Wind turbine manufacturers have a vital interest in carrying out gearbox calculations on their own, and for multiple reasons:
• Influence on the design proposed by the gearbox supplier
• Plausibility considerations for the calculations submitted
• Quality control in case of less known/experienced suppliers
• Comparison of various standard gearboxes from different providers
• Gearbox recalculation for different load conditions, micrositing
The wind turbine manufacturer is in the unique position of being able to study gearbox behavior in practice. He can compare field experience against test bench results and calculations. This comparison allows for the adjustment of the theoretical calculations to the hands-on experience and increasing validity of future calculations. These calculations consume considerable resources such as time, knowledge, and tools.
The allocation of time is quite difficult because, at the present time, the supply of qualified calculation engineers is rather exhausted. Tools are available, and there is a wide range of commercial solutions being offered. The critical parameter resides in the know-how required to be able to calculate and also standardize to the last detail. This know-how must be respected and cultivated. This article attempts to further the know-how of gear engineers in the wind industry.
Using sensitivity analysis, it is investigated how changing the calculations’ starting parameters can influence the results, such as service life or strength parameters. The identification of the most-important or less-considered parameters serves the calculation engineer as a guideline for the extension of the existing analysis methodology and calculation standards or helps him check specifications on missing but important data.
To carry out the sensitivity analysis at the gearbox level, a parameterized model of the complete gearbox is used, which includes power flow, component physical distribution, gearing data, shafts, bearings, and shaft-hub connections such as involute splines, keys, or press fit. These sensitivity studies can be carried out automatically and in a very short time with the appropriate programming of the calculation model. The output, in text format, allows for quick processing of the acquired data. This methodology applies to all types of gearboxes.
The engineer is conscious that his assumptions can influence the quality of the calculation results. However, there is only a limited time available to control and/or improve them. That is why he must concentrate on the assumptions, which could bring a really clear improvement to the quality of the calculation. This task is further complicated by the fact that not all assumptions can be appropriately evaluated. Thus, two points must be cleared up:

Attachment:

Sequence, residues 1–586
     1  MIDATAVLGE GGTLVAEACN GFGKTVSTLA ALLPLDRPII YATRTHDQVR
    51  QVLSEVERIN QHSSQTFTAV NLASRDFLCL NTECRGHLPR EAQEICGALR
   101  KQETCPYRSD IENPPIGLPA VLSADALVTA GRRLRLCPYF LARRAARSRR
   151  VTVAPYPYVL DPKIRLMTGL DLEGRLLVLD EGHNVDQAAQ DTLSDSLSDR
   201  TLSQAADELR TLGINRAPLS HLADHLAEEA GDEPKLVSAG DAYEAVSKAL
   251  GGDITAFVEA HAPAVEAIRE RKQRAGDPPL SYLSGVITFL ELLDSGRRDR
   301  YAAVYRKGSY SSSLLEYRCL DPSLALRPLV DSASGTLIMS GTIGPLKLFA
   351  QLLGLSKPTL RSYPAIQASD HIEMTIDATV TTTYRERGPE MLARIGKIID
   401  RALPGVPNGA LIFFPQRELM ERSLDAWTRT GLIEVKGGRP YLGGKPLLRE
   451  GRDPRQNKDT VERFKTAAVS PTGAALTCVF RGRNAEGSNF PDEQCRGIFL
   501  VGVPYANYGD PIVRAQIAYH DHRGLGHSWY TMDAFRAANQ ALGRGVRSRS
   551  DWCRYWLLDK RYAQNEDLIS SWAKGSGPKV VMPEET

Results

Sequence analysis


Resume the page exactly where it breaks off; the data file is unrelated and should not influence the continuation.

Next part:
• Which input values in the calculation can be better evaluated with a minimum of effort (what is the cost of the improvement)?
• How big is the influence of a particular input value upon the result (what brings the improvement)?
Only the second point will be dealt with in the scope of this work.
The 1.5 MW gearbox used in the calculations carried out in this study is based upon suppliers’ data after a slight modification (see Figure1, Figure 2).
3.2 Calculation Model
With the KISSsys software, commercially available for the past four years, it is possible to display the power flows in the transmission stages and, with a strength calculation, link them to the existing machine components. In this way it is possible to “parameterize” complete gearbox/transmission stages and analyze them in relation to strength and service life. Among other things, KISSsys offers the user the possibility of quickly carrying out a detailed parameterized study of a complete gearbox/transmission in order to be able to efficiently compare the several variants of a project design. KISSsys uses KISSsoft to calculate the strength and service life of the different machine components. KISSsoft is a CAE-Software for the quick and safe layout, optimization, and verification of machine components such as gears, shafts, bearings, bolts, shaft-hub connections, and springs.
KISSsoft is intended for users in the gearbox production area and is well known for its varied optimization possibilities. The use of KISSsoft for wind turbine gearboxes is described in : Haus der Technik, March 07, “Integrated Layout, Optimization, Verification, and Plan Production for Wind Turbine Gearboxes.” KISSsys, as a system complement to KISSsoft, has the following properties (see Figure 3):
• Power flow/rotational speeds with cylindrical, bevel, worm, and crossed axis helical gears
• Modelling of epicyclic drives (Planets, Ravigneaux, Wolfrom…)
• Differential (with bevel or spur gears)
• Chain and belt transmissions
• Clutches can be activated and deactivated, with slippage taken into consideration
• External acting loads are taken into consideration
Integrated Strength and Service Life calculation:
• Here, KISSsys accesses KISSsoft
• Bearing strength, transmission error, profile correction, efficiency 3D model
• Automatic 3D display (based upon the data defined in KISSsoft)
• Export of the 3D model to CAD, import of gearbox casings (step/iges)
• Checking for collisions
• All machine elements in the model, calculated with load spectra
• Several gearbox variants in the same model
• Automatic documentation (strength analysis) for the whole gearbox
• Integrated programming language for implementing special functions
3.3 Parameter Variations, Edition of the Results
KISSsys has an object-oriented programming language allowing for control of the calculations, which can read data from text files and export the results, for instance, to Excel. It is thus possible to automate parameter variations and swiftly execute them.
It is shown in Figure 4 how such a parameter variation can be programmed in KISSsys. The function in the example shows how, for an established starting value and a defined number of steps, the gearing quality varies and, how the gearing is verified for nominal load for each condition. The resulting safety factors, separated by “;”, are written to a file and can be displayed in Excel (see Figure 5). The sequence of operations is shown in Figs. 4, 5. Excel creates a file “Quality.csv” displaying the information seen in Figure 6.
4 Influencing Values
4.1 Different Load Spectra with the Same Tn